The belt acts as a shock-absorber, preventing vibration transmitted from the motor reaching the platter
Isolating the motor from the platter results in less noise transmission to the tone-arm
It is generally considered that belt drive turntables produce better sound quality dues to less interference from the motor
Belt drives have ...
Cartridges, broadly speaking, come in two types -
Moving Magnet [MM] and Moving Coil [MC]
Both types can come pre-fitted & balanced, as part of a pre-built system, or bought as separates & require the user to balance.
Balancing requires specialist equipment, so if that's your choice, allow an extra $100 or so to be able to do that at home.
To start very simply…
Your first consideration should be its intended use.
If you want to DJ, then a belt drive turntable is immediately out of the question; you must have direct drive.
If you need it only for home listening, your options are still open.
If your budget is low [under $200] then you will be unlikely to be looking at component systems & ...
This is a more controversial question than you might expect. For a certain subset of vinyl fans, myself among them, it makes at least a psychological difference that the sound of an old record (or a new one created with older methods) has never been digitized. In theory, for the pure analog reproduction of sound, a physical soundwave vibrates a physical ...
It's probably "Neutral" meaning the motor can be running but not engaged with the platter. That's useful for cueing up a song (manually putting the needle on the part of the record where you want it to start) so you can spin the platter back and forth freely with your hand.
Most countries with 110V power use a frequency of 60Hz and the majority of countries with 220V use 50Hz. This would explain the speed difference.
Those Sony turntables would have been produced for markets worldwide, so there should be motors available for 220V/50Hz. The easiest solution would be to find one.
Here's a related question from someone who has the ...
Regarding 'as the needle is round'.
This rule only applies to the cheapest low end stylus 'nails' or needles.
They are called spherical.
Then as price and tracking ability increases, as well as use of real diamond
, the shape gets very complex and must follow a straight path for
full dynamic range and for less friction damage. Shapes include Shibata,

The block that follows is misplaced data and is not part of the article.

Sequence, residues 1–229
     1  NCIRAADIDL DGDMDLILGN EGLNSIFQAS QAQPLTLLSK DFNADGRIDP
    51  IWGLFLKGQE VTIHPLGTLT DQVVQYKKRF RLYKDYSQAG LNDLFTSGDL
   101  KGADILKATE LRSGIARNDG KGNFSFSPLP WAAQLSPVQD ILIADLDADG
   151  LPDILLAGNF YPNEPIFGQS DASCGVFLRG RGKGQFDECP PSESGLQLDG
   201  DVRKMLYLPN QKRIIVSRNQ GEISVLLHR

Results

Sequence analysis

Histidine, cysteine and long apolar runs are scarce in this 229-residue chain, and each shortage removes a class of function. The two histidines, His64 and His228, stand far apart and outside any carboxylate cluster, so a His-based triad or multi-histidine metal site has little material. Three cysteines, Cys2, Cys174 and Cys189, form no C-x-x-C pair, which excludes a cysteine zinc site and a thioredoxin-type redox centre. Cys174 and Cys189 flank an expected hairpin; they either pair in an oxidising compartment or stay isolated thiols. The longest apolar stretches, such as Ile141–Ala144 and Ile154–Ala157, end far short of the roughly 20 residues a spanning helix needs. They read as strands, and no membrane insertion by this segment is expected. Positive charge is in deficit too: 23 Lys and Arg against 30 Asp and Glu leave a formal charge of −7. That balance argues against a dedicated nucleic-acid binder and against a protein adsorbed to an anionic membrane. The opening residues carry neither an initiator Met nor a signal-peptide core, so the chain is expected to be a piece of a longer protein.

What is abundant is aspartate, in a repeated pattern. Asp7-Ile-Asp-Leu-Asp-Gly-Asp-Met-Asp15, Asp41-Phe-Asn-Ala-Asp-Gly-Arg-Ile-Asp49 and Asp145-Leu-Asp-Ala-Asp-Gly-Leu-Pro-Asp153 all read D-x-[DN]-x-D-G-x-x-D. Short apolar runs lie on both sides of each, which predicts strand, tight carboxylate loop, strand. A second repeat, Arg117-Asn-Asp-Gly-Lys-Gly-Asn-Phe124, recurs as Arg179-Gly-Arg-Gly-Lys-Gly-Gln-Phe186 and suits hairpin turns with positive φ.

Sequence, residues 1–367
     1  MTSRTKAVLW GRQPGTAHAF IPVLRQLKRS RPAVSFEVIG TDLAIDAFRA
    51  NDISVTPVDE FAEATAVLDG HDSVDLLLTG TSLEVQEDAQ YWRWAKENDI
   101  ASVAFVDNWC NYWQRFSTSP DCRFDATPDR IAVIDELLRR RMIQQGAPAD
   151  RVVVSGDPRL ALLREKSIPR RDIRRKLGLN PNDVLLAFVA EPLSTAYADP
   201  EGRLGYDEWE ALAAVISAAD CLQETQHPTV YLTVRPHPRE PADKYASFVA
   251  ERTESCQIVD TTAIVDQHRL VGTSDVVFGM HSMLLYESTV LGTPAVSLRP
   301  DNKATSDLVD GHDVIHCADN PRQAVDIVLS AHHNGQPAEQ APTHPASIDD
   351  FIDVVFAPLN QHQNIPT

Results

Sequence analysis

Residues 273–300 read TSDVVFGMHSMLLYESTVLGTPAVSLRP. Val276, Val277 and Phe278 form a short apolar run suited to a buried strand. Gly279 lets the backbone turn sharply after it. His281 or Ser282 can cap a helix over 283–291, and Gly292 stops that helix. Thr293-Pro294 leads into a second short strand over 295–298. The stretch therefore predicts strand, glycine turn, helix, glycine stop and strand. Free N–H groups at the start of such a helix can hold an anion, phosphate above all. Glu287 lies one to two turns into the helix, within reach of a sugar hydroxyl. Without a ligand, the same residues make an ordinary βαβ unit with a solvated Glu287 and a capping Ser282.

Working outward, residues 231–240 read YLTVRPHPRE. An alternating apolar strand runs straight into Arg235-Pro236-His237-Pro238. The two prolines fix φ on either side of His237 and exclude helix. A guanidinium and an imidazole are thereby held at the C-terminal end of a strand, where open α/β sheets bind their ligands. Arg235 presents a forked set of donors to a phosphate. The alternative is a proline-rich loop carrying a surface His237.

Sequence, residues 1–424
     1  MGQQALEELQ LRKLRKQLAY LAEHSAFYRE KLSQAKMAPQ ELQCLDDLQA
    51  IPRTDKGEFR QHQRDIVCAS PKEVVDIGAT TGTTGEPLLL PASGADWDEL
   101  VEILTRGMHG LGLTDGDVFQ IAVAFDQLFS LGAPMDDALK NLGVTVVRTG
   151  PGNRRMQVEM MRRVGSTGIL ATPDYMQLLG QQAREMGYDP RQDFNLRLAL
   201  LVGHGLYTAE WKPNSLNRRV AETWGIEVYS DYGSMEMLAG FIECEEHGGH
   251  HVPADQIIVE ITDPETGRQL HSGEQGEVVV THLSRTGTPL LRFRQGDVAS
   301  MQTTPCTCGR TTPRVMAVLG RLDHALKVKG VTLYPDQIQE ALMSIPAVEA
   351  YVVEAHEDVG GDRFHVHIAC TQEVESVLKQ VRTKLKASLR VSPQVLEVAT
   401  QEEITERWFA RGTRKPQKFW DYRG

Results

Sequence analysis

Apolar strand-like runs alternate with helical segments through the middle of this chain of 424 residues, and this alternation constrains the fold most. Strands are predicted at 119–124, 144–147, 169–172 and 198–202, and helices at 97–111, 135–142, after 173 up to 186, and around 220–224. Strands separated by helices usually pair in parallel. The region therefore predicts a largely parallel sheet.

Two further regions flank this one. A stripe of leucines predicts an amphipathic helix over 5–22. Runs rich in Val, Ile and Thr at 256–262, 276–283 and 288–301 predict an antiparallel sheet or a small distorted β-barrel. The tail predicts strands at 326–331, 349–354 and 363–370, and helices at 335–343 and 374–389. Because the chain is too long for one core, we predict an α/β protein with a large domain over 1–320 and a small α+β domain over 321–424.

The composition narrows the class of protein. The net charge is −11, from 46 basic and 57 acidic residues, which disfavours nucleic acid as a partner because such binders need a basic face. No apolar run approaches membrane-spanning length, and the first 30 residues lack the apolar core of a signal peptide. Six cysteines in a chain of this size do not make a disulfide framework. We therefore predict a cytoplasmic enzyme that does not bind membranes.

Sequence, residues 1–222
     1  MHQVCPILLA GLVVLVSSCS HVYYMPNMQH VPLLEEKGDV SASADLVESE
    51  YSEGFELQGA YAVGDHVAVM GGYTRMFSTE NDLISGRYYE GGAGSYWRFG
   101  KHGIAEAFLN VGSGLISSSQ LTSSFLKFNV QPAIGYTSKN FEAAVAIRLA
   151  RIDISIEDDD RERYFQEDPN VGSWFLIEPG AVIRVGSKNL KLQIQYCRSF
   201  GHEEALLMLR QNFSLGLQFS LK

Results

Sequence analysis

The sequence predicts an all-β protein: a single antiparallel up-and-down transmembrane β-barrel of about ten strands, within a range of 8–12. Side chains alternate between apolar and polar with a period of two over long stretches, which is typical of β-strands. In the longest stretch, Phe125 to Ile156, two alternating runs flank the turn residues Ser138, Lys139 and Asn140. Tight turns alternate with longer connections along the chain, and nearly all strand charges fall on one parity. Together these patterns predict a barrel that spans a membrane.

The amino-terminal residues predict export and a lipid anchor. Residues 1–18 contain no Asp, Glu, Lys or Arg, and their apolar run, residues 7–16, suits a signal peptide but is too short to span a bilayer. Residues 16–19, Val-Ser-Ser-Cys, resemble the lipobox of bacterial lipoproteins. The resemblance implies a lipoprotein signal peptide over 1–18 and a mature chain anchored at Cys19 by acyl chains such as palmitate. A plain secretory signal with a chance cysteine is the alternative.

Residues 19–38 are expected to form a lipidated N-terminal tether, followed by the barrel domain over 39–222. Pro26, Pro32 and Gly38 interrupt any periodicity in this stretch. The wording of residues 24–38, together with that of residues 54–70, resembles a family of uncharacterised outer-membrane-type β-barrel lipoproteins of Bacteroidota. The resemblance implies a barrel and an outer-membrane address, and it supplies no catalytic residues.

The idea behind the linear turntable was that it would reproduce more faithfully the original recording, as the master mould for the vinil pressing was made with a linearly moving "grooving" head. Theoretically, in a fixed axis radial arm the difference in angle of the needle vibration relatively to the original orientation of the recorded grooves is a ...
It's just a personal choice. It's up to you in the end.
I prefer vinyl for the attention it needs. I have to take care of it and
and what you put into it is what you get back out of it.
No one has ever heard me say vinyl "sounds better" than digital (CDs).
Actually, truth be known, CDs do sound better overall in most situations.
I don't care. You can throw ...
I was about to answer with "there is no perceivable difference" and give you a lesson on high quality digital conversion techniques, but then I read this:
Audio Technica AT-LP60BK-BT
I did not know this about Bluetooth, so I'm glad I read it - apparently Bluetooth will always encode the signal via lossy data ...
I think the main issue won't be that it's too quiet [which it will be] but that it will sound like complete c**p without an RIAA pre-amp.
A phono pre-amp has a very specific EQ [treble & bass] curve applied, which is the opposite of that applied in the record manufacturing process. Without one, your records will sound horribly thin & tinny; to a ...
The 'problem' is that the turntable uses an AC adapter rather than a DC one.
The motor speed is based on the supplied AC frequency rather than anything the PSU/transformer is doing to it.
Simply put, your power supply has a 20% higher frequency, so your motor is running 20% faster than it would on 50Hz.
This would imply that the motor is an AC motor rather ...
There is so much misinformation when it comes to direct drive vs. belt drive turntables. Yes, much of what you hear about the two is pretty much correct, except.....
Direct drive turntables have been around for a while now, and the technology has improved so much that you cannot compare the way a belt drive works and how a direct drive works and say that ...